Bundesliga star Roman Neustädter recently switched footballing allegiances from Germany to Russia and will represent his maternal homeland at Euro 2016. He's filled us in on joining up with a new squad and the cultural differences between the two nations.
In recent days, I've often been asked why I've chosen to play for Russia when I've already made two appearances for Germany. That's been a favourite question of Russian journalists, and has been ever since I first switched allegiance to the national team. I reply that, for any professional footballer, playing at a World Cup or European Championship is the pinnacle of achievement. I've felt a deep connection to Russia since childhood; my mother is Russian and my grandmother still lives there, as do many of my friends and relatives. I speak the language fluently, and can read and write in Russian too. I've always followed the Russian side at major tournaments. When I was included in the squad for Euro 2016, it really was a dream come true.
The last few days have flown by. I was given my Russian passport, my place in the national team was confirmed, and now I'm preparing myself, training in Bad Ragaz ahead of the tournament. Last Wednesday, during our match with the Czech Republic, I was brought on in the 64th minute and played in the centre of the defence. I was obviously unhappy that we lost 2-1, but I was delighted to represent Russia for the first time. Still, I don't want to get ahead of myself: I have to get to know my teammates better and fully adapt to our tactical system. I also have to give it my all every single day, and catch the manager's eye with good performances in training.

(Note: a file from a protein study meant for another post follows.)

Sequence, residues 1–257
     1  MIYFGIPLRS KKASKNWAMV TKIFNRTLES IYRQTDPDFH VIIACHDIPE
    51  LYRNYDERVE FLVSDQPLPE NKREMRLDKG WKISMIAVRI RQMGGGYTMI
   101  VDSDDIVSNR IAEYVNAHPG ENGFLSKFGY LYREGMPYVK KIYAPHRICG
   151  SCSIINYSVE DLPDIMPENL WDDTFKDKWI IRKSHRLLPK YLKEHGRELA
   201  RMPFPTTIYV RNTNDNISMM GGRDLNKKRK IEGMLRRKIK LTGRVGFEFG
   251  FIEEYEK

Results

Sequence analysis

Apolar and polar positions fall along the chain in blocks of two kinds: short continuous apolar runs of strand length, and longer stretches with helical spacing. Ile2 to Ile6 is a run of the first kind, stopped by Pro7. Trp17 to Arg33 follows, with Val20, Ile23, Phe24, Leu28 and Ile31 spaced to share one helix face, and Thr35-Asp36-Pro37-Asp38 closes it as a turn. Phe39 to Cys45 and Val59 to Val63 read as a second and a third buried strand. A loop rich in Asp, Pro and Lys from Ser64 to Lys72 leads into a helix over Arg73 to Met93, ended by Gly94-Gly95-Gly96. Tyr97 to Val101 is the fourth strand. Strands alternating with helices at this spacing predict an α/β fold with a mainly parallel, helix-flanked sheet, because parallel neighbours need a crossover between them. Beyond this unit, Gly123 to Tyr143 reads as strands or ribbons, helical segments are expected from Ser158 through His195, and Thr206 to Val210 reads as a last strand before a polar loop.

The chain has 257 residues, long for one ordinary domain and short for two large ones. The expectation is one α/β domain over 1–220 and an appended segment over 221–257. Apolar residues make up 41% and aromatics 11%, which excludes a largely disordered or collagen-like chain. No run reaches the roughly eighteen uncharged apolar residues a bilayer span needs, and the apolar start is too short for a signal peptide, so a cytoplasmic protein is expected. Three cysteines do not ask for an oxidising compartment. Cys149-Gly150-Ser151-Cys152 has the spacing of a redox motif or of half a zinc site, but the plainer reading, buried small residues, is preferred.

When I met the rest of the team, I was warmly welcomed by my new teammates. I acclimatised very easily, and didn't find it difficult to fit in. I've had a lot of fun since I joined up with the group, actually. I suit our game well, since I prefer to play short, sharp passes and keep the ball on the ground. My teammates often joke: "This is the Russian team, the passing here isn't what you're used to with Germany." They like to mess about, though there are certainly some big differences to German football. I think I can bring a lot to the group, with what I've learned playing for Die Mannschaft. Still, the guys are incredibly tough and really go at each other in training. Nobody means any harm, so there are no arguments about it. If anything, the hardest change for me to acclimatise to is the music in the dressing room. Unlike in the Bundesliga, we don't play the latest chart hits from America, or German hip-hop. It is all Russian rap, house music or pop.
Except for my hairstyle and the odd pronunciation issue, not much has changed on a day-to-day basis. Contrary to what the oh-so-clever Facebook commentators might say, I didn't get my haircut for my Russian passport, but simply got fed up of looking after my long hair. Finally, I should tell you that although I know the Russian "rap squat" pose and despite the fact that it's huge in Germany, nobody in the Russia team has a clue what the Russian rap squat is.
All the best,
Transcribed by Benedikt Nießen